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      Emerging Issues in AAV-Mediated In Vivo Gene Therapy

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          Abstract

          In recent years, the number of clinical trials in which adeno-associated virus (AAV) vectors have been used for in vivo gene transfer has steadily increased. The excellent safety profile, together with the high efficiency of transduction of a broad range of target tissues, has established AAV vectors as the platform of choice for in vivo gene therapy. Successful application of the AAV technology has also been achieved in the clinic for a variety of conditions, including coagulation disorders, inherited blindness, and neurodegenerative diseases, among others. Clinical translation of novel and effective “therapeutic products” is, however, a long process that involves several cycles of iterations from bench to bedside that are required to address issues encountered during drug development. For the AAV vector gene transfer technology, several hurdles have emerged in both preclinical studies and clinical trials; addressing these issues will allow in the future to expand the scope of AAV gene transfer as a therapeutic modality for a variety of human diseases. In this review, we will give an overview on the biology of AAV vector, discuss the design of AAV-based gene therapy strategies for in vivo applications, and present key achievements and emerging issues in the field. We will use the liver as a model target tissue for gene transfer based on the large amount of data available from preclinical and clinical studies.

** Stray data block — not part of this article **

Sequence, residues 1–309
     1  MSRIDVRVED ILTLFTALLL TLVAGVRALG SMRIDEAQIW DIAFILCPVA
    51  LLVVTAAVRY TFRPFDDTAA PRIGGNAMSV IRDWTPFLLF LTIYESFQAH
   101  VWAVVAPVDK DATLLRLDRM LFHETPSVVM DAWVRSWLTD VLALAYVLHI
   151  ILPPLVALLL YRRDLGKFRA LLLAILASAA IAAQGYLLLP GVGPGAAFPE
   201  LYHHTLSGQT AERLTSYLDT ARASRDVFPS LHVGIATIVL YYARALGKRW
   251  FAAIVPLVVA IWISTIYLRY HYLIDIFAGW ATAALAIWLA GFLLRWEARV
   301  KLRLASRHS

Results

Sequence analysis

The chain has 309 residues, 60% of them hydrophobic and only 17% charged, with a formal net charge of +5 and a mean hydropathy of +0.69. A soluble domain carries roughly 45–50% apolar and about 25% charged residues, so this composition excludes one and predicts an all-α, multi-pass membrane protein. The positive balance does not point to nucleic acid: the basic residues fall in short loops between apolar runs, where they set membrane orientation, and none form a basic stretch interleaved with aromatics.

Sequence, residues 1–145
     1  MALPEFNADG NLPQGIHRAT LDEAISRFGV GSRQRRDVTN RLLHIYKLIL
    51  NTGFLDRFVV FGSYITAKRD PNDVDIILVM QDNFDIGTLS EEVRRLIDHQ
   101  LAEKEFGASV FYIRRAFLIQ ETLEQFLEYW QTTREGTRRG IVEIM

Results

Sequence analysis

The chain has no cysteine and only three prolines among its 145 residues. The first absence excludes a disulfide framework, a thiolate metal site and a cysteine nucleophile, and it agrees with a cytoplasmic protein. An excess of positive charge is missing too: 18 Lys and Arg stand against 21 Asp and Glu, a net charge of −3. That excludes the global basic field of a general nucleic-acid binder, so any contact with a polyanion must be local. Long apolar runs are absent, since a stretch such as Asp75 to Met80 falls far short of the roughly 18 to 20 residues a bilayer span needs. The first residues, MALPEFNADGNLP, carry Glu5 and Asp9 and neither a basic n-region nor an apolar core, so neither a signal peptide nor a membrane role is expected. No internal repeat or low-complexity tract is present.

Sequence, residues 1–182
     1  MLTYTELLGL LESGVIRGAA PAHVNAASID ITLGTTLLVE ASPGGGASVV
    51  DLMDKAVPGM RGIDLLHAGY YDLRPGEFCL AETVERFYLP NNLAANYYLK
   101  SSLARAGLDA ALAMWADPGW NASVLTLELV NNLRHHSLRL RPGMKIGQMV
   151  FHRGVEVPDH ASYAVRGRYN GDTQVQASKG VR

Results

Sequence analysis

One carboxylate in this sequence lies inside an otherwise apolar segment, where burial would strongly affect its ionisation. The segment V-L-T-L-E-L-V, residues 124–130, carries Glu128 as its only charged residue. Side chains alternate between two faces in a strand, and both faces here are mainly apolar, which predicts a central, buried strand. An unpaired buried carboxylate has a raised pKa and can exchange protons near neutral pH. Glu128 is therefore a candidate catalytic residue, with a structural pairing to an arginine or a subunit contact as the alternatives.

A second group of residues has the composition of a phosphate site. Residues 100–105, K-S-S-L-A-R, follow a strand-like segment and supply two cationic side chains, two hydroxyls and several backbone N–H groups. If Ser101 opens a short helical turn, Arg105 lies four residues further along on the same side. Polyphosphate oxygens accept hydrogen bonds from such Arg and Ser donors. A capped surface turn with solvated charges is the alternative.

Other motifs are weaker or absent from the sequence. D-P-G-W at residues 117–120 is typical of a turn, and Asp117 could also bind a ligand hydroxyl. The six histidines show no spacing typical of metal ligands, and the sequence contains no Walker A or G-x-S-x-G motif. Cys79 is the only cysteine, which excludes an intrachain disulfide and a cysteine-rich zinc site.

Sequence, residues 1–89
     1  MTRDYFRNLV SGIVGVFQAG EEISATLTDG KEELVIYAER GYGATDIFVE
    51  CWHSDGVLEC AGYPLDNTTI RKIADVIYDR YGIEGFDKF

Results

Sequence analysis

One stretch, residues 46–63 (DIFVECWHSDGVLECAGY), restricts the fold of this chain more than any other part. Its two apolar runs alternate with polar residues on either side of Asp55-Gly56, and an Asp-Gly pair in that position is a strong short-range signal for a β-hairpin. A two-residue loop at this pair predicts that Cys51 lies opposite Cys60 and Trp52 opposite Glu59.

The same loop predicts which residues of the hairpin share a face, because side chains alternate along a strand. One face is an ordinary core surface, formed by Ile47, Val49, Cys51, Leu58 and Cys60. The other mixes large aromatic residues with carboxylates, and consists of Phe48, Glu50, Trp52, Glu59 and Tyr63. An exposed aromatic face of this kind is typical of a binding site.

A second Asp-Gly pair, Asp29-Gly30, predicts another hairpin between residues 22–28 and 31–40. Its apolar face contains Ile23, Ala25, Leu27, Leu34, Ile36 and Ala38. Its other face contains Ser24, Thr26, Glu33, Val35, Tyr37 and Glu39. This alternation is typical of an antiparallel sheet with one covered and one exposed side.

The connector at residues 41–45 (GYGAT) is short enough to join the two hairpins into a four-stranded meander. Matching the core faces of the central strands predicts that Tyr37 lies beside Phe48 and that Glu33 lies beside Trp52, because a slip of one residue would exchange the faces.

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          Most cited references 150